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dudamel
Gustavo Dudamel conducts the Los Angeles Philharmonic Orchestra. Photo Credit: Robert Torres / Fidelio Arts, Ltd.

When Maestro Gustavo Dudamel’s residency was announced in April 2018, most people thought it was an April Fool’s joke, according to Yang Song ’20, clarinetist and co-president of the Princeton University Orchestra (PUO).

“No one imagined that someone like Gustavo Dudamel would actually come to Princeton,” Song said.

Dudamel is Princeton University Concerts’ first-ever Artist-in-Residence. Marna Seltzer, Director of Princeton University Concerts, helped bring him to the University in celebration of the 125th season of Princeton’s concert series.

Currently in his 19th year as Music Director of the Simón Bolívar Symphony Orchestra of Venezuela, Dudamel has also been the Music and Artistic Director of the Los Angeles Philharmonic (LA Phil) since 2009. In addition to being awarded a Grammy for Best Orchestral Performance in 2012, he has received the Leonard Bernstein Lifetime Achievement Award for the Elevation of Music in Society in 2014 and the Americas Society Cultural Achievement Award in 2016. Dudamel has also worked alongside pop icons such as Beyoncé, Chris Martin, and Bruno Mars.

Throughout the 2018–19 season, Dudamel curated a concert exploring “Art & Faith,” which featured musicians from the LA Phil in early January. He also spoke with Spanish and Portuguese Professor Javier Guerrero in a Spanish-language talk entitled “La Música Como Libertad: Gustavo Dudamel en Princeton” (“Music as Freedom”).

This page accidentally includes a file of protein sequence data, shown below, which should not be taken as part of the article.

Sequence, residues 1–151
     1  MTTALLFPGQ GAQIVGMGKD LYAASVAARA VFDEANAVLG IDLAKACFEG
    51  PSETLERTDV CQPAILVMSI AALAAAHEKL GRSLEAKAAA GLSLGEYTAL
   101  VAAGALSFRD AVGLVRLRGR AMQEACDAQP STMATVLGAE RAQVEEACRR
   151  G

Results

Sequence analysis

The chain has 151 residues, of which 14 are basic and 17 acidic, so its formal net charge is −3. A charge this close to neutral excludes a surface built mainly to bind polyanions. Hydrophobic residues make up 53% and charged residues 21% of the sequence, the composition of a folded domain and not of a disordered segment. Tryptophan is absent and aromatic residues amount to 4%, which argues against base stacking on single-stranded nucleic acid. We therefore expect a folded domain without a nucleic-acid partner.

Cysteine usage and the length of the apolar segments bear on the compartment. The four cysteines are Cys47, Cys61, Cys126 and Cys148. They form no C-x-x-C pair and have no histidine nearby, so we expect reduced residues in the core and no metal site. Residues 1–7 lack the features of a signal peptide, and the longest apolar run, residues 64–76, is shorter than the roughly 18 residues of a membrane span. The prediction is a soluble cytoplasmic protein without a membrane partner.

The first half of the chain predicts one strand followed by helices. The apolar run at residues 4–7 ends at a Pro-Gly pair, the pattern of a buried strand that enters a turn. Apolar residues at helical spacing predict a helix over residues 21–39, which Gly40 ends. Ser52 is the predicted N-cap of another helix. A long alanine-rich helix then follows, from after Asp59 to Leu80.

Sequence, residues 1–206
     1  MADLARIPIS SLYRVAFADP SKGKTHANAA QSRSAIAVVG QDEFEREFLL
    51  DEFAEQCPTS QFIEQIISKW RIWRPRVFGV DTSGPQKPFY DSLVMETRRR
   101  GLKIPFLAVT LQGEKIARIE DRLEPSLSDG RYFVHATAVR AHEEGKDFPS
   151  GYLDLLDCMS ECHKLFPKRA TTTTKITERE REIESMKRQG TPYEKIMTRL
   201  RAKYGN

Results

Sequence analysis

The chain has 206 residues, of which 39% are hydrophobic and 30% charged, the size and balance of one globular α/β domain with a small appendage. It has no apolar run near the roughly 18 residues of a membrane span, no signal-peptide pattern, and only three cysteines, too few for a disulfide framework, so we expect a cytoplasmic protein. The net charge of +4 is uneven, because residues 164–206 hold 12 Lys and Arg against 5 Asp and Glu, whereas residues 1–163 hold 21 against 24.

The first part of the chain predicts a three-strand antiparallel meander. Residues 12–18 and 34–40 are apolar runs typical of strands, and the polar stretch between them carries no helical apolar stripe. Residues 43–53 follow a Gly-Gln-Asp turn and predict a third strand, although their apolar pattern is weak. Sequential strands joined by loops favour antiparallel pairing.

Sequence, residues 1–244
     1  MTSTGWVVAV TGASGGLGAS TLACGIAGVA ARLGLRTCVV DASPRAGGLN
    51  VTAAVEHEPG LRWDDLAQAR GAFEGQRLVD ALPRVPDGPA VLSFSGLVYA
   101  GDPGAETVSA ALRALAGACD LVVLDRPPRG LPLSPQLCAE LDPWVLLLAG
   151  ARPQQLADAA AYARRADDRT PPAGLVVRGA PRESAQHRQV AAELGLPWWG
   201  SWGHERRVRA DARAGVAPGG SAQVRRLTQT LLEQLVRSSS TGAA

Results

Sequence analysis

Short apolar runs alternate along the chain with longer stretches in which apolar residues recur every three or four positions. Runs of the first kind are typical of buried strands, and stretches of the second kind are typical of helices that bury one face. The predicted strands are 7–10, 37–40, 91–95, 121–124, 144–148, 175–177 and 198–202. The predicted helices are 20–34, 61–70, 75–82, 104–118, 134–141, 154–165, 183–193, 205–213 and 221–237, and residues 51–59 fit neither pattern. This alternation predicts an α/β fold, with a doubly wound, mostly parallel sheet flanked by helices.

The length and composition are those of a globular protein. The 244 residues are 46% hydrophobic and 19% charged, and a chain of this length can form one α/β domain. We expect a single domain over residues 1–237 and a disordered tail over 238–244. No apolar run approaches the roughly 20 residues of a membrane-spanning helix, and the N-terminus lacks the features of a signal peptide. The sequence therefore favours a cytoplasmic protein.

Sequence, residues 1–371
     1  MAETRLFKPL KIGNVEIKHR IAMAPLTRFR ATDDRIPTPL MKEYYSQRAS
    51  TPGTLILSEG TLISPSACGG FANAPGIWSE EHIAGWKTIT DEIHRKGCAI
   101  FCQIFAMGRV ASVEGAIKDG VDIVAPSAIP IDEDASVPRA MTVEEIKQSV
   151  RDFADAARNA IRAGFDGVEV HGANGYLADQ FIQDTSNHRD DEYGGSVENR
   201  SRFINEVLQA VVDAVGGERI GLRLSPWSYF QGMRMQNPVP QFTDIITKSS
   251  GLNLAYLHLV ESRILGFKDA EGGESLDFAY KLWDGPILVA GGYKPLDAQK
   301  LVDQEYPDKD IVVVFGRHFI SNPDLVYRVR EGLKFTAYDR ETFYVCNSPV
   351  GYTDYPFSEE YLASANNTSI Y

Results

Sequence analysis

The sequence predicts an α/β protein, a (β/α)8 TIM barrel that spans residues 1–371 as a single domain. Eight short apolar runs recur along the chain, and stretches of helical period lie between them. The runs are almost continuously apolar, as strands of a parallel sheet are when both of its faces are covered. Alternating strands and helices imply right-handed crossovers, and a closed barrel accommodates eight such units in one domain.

He will conclude his tenure this weekend with two concerts leading the Princeton University Orchestra and Glee Club.

PUO Conductor Michael Pratt told The Daily Princetonian that Dudamel’s residency “brings a lot of national attention to the musical community at Princeton, the Music Department, and PU Concerts.”

While conducting University students and working with schoolchildren from underserved districts across the state, Dudamel has brought the experience of collaborating with top international orchestras and opera companies in hundreds of concerts.

“That vast background, plus his youth, charm, energy, and great musical instincts make him quite an inspiring musician,” Pratt said.

Timpanist and PUO webmaster Reilly Bova ’20 described playing for the legendary conductor with a trampoline analogy, comparing jumping out of sync with a friend to jumping in sync.

“When you bounce in-phase with your friend, the resonance will propel you upward and you will soar like an eagle,” Bova said.

That, he says, is what it feels like to play in an orchestra conducted by Dudamel.

“When he shapes phrases from the podium, it really does feel like he is physically interacting with the sound,” Bova said.

Lou Chen ’19, founder of Trenton Youth Orchestra (TYO), participated in a panel discussion with Dudamel and Anne Fitzgibbon GS ’98, the founder and executive director of the Harmony Program, about “El Sistema,” a publicly financed music education program for underserved children to which Dudamel traces his own musical origins. El Sistema was founded in Venezuela in 1975 and now serves 700,000 students around the world.